The McCullen decision came out this morning (opinion here). It was a unanimous opinion stating that it is not constitutional to establish buffer zones that exclude even consensual, calm speech on public sidewalks in front of abortion clinics. (Typically, the Boston Globe commetariat are very upset about this and blame it on “right wing zealots,” as if that is an apt description of Justices Breyer, Sotomayor, Kagan, and Bader Ginsburg.)
I’m reading the decision now and have only a few points to make before more detailed blogging later. The Supreme Court’s pair of unanimous decisions today (the other one being Noel v. NRLB) seem to be driven by a desire by both sides to give up a bit of their wins to ensure that the other side has less power when the other side is in power. The liberals on the court would not want a President Palin making such recess appointments, nor a conservative Congress outlawing labour protests outside of businesses under the rational set forth by the Commonwealth in the buffer zone case (see, AFL-CIO amicus brief).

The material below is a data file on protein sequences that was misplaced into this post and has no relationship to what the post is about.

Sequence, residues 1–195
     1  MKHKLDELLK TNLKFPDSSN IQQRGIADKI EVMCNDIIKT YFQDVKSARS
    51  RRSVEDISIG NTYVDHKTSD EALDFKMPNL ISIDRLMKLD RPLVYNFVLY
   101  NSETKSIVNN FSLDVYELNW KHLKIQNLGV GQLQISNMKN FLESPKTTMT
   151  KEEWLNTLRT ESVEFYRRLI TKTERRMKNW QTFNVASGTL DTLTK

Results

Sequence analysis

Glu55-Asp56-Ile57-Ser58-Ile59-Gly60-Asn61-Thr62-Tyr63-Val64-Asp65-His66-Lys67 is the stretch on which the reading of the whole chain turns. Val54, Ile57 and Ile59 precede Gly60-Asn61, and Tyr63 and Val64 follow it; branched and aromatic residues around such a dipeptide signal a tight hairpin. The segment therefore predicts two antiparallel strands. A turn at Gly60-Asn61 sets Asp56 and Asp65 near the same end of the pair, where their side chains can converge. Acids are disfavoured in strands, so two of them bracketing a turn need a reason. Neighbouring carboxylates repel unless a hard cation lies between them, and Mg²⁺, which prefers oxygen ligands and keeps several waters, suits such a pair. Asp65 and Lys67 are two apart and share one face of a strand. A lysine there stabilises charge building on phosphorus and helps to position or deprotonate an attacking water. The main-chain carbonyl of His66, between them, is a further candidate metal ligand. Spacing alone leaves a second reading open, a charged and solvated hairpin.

I also think it’s hugely important that this was a consensual speech case, not a protest case. You can adequately scream at people from thirty-five feet away (more if you have a megaphone), but you can’t offer literature, solace, a place to live, or financial help. Eleanor McCullen has saved hundreds of babies by offering real, concrete help to women in a crisis pregnancy, and she is not able to do so from shouting distance.